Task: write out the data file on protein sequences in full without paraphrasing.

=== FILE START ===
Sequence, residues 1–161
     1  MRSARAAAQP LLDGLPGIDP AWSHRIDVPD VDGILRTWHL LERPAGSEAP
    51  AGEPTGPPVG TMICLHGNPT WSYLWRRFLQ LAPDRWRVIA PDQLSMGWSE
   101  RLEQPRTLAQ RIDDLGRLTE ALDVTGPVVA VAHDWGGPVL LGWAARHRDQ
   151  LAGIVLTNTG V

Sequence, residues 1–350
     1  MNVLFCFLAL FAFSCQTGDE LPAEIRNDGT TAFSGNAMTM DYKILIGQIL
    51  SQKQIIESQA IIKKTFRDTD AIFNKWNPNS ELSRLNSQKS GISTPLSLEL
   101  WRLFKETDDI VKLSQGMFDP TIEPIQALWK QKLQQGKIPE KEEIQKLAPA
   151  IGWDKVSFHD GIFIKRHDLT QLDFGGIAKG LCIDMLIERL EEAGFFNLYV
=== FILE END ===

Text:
Sequence, residues 1–161
     1  MRSARAAAQP LLDGLPGIDP AWSHRIDVPD VDGILRTWHL LERPAGSEAP
    51  AGEPTGPPVG TMICLHGNPT WSYLWRRFLQ LAPDRWRVIA PDQLSMGWSE
   101  RLEQPRTLAQ RIDDLGRLTE ALDVTGPVVA VAHDWGGPVL LGWAARHRDQ
   151  LAGIVLTNTG V

Sequence, residues 1–350
     1  MNVLFCFLAL FAFSCQTGDE LPAEIRNDGT TAFSGNAMTM DYKILIGQIL
    51  SQKQIIESQA IIKKTFRDTD AIFNKWNPNS ELSRLNSQKS GISTPLSLEL
   101  WRLFKETDDI VKLSQGMFDP TIEPIQALWK QKLQQGKIPE KEEIQKLAPA
   151  IGWDKVSFHD GIFIKRHDLT QLDFGGIAKG LCIDMLIERL EEAGFFNLYV